I lost some hand-written notes from back then and neither blogging nor Flickr existed. But I've some vivid memories of the past 15 years of the Christmas season in Ireland.
Until recently, the Irish Christmas Season was an exercise in consumption. I grew up in an American family with German and Irish roots. We often used Christmas as an exercise in deferred gratification. That home-grown practise contrasted with an easy Irish exercise in stretching the credit limit. I saw top-flight running shoes and branded hoodies being tossed to pre-teens like throwaway commodities. Friends told me, "That's what Christmas bonuses are for." In today's recessionary times, I wonder how Champion Sports is doing.
Shoes. Where I grew up, it was relatively easy to find a photo of an Irish youngster walking around without shoes. Those days are long past--I've never seen that kind of thing since moving to Ireland. But I always associated Christmas with shoes since mom and dad occasionally bought the family of five boys some new shoes as presents. I feel like I should return to that family tradition because good shoes can take you a long way.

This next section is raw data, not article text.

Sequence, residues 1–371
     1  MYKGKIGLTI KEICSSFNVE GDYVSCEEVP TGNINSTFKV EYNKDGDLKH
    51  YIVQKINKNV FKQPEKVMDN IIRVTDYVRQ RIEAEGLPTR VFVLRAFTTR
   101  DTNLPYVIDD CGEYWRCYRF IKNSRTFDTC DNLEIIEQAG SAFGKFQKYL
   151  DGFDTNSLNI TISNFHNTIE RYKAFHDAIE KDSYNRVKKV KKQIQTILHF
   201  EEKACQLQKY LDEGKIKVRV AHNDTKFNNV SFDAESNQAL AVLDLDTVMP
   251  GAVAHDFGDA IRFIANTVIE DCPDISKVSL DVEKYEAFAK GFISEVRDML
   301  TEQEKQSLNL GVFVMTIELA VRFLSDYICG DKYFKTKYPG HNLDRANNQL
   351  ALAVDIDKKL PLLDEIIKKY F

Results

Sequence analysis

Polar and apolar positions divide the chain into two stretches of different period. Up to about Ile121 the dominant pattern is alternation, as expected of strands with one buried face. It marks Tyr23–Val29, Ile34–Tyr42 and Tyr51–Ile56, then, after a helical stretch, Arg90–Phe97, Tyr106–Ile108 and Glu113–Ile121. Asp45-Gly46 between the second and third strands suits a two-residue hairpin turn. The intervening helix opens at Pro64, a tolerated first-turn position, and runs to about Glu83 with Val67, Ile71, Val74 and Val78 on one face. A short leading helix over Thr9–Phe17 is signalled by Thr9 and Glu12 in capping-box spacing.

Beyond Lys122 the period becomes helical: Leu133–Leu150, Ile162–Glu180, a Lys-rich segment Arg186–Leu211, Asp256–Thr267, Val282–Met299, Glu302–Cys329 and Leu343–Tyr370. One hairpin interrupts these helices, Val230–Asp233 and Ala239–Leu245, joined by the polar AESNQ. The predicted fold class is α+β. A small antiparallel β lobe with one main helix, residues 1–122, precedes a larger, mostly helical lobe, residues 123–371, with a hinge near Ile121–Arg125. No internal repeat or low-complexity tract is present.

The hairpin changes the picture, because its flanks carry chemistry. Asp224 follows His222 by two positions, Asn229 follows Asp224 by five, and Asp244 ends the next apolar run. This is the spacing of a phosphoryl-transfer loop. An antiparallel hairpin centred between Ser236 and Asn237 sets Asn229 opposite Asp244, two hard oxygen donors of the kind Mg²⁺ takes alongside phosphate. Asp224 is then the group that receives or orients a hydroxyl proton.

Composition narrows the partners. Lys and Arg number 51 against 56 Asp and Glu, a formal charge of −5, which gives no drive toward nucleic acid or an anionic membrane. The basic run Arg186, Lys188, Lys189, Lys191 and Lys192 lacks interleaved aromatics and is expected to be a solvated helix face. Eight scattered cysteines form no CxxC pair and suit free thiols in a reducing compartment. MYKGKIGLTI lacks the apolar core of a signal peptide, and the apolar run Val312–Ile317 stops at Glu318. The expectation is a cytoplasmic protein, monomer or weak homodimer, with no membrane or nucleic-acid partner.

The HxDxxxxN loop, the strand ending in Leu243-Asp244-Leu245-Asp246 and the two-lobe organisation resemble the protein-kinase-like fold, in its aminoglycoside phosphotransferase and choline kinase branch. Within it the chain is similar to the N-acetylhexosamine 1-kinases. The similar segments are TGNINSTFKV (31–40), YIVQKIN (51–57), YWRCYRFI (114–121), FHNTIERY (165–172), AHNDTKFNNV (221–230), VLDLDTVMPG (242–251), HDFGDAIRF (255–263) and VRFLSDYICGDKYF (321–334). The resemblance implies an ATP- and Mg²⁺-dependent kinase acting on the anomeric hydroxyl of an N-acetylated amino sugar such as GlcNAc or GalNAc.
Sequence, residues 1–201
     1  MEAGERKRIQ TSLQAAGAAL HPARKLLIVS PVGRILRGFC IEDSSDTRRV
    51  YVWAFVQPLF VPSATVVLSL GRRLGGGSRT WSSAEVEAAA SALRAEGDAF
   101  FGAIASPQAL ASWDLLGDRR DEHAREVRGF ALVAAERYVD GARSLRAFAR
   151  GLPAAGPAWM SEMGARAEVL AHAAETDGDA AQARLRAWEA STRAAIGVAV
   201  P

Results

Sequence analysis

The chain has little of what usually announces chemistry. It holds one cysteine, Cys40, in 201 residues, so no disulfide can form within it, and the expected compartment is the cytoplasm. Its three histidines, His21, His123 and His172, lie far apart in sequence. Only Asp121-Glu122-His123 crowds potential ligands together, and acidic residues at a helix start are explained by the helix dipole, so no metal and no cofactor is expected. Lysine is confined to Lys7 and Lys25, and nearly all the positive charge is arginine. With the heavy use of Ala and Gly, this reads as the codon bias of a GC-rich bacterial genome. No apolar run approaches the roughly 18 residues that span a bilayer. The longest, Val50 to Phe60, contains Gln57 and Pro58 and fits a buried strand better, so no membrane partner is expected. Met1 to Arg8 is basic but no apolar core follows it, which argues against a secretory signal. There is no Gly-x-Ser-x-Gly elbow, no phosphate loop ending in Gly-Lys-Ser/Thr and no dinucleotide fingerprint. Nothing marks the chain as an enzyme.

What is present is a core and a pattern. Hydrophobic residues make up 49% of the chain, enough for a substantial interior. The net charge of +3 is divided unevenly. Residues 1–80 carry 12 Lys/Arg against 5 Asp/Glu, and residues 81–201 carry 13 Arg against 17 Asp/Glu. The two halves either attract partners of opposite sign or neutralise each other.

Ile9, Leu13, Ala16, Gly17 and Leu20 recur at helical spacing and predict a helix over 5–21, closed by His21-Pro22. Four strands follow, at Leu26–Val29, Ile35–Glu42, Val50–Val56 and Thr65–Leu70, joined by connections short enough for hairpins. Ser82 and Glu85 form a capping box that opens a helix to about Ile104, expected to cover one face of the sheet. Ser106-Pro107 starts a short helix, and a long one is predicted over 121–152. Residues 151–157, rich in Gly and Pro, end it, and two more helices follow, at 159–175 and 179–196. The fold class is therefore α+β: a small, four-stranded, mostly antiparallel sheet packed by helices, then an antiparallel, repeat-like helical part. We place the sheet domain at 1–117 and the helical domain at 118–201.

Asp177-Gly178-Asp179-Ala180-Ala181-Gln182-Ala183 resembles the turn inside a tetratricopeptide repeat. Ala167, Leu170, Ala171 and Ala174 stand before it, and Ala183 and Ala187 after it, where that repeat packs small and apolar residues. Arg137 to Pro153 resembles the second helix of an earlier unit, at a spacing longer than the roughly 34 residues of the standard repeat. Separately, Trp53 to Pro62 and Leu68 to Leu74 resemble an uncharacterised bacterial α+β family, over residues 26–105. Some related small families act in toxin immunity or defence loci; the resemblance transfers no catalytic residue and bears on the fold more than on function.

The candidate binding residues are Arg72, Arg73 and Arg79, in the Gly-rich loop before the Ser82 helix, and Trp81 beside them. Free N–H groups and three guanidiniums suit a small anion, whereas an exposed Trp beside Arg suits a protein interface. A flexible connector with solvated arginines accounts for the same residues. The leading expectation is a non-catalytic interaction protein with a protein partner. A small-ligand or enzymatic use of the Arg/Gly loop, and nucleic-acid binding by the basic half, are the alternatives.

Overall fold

Family Ties. One strong tradition that migrated from Ireland to my Stateside family is the Christmas family visits. All seven of us would pile into a station wagon and call into the grandparents and cousins. We also walked up a narrow stairwell to visit my great aunt while she was still alive. I pointed out the stairs to a barber who now rents the same premises in Lancaster, Pennysylvania. Her flat was so small that we had to queue on the stairs for our Christmas hugs. Today, some of the brothers remember the youngest making some rude observations but we save those recollections for unbloggable family get-togethers.
Photo snapped of our Satio Christmas.
My personal best Christmas shot is a Cashel Blue Christmas photo.
Previously -- "Christmas in Ireland" from 2008.